Entertainment

Review: ‘Hot Summer Nights’ Is Trite, Sexist Opportunism

Posted July 26, 2018 5:44 p.m. EDT

There’s a scene in the 2013 film “Inside Llewyn Davis” in which the title character, a struggling folk singer in early-1960s New York, meets a younger musician who has been making waves. This other guy is well organized, polite and an engaging performer who can easily get a coffeehouse audience to sing along with him. During one such show, a flabbergasted Llewyn asks his friend, who admires this fellow, “Does he have a higher function?”

That unkind question occurred to me as I watched “Hot Summer Nights,” written and directed by Elijah Bynum, who is making his feature debut. The movie opens during a hurricane, with a teenager named Daniel driving dangerously through the wind and rain in a snazzy sports car. Daniel, played by Timothée Chalamet (whose cachet is unlikely to be enhanced by the Shia LaBeouf riffs he reproduces here), is in trouble. After another car slams into his, the movie, set in the early 1990s, goes back several months, to the beginning of the summer.

At that time, Daniel, a city kid unnerved by his father’s death, is sent to Hyannis, Massachusetts, by his even more unnerved mother. A colorful montage of various adolescents from different social strata establishes the beach town’s hierarchies. Neither townie nor rich summer kid, the skinny but cocky Daniel notices two fellow teens: the hunky drug dealer and local legend, Hunter (Alex Roe), and the preternaturally attractive tough girl, McKayla (Maika Monroe).

Daniel wants what Hunter has, cash to throw around. And he just plain wants McKayla. So does every other boy in town, says the movie’s unnamed narrator, who’s looking back from a distance of years but speaking as his teenage self. As a demonstration, he regales us with a scene in which a fellow grabs McKayla’s recently discarded chewing gum from the underside of the shelf below a public phone and puts it in his mouth.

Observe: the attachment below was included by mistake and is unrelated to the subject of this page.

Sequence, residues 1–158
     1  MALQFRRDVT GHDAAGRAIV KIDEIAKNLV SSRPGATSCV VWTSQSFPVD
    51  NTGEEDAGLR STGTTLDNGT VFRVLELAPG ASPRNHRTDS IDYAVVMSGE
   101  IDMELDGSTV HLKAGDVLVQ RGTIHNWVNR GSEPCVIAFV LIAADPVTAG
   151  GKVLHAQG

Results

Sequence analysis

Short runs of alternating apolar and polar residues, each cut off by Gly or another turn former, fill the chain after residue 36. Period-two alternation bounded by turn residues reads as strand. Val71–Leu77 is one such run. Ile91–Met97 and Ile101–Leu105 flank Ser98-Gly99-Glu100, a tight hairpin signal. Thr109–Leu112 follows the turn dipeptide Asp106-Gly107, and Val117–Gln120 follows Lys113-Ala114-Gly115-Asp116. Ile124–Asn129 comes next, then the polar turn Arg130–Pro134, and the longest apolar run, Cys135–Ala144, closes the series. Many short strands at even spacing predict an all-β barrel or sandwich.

Not a lot of people watch Terrence Malick’s “Days of Heaven” and ask why Linda, its young narrator, speaks as the kid she was during the times she’s recounting. It is poetic license that has been carefully applied for, and we accept it. With the trite “Hot Summer Nights,” not so much. Admittedly, a teenager describing McKayla in the drooling terms used here is ostensibly more forgivable and (arguably) less creepy than a grown man would be, uttering the same superlatives. Still, the episode and the movie’s attitude toward McKayla are ickily sexist.

As Daniel pursues his ambitions in romance and illegal commerce — complicated by Hunter’s being McKayla’s estranged brother — the movie nods to other directors. It frantically waves to Wes Anderson (the camera work in the Hyannis social-whirl scenes) and to Paul Thomas Anderson (the drug-deal-gone-wrong and the vintage Can song featured on the soundtrack of that director’s “Inherent Vice”). The influence of the Coen brothers, who made “Llewyn Davis,” is strong, too.

Perhaps this picture’s higher function is to be a calling card. But I don’t know what a calling-card project that demonstrates that its maker can semi-successfully mimic artistically vital but uncommercial directors is supposed to prove. For me, it mostly proved a waste of time.

Additional Information:

“Hot Summer Nights”

Rated R for language, drug use, sexuality, the usual adolescent (in every sense of the word) stuff. Running time: 1 hour, 47 minutes.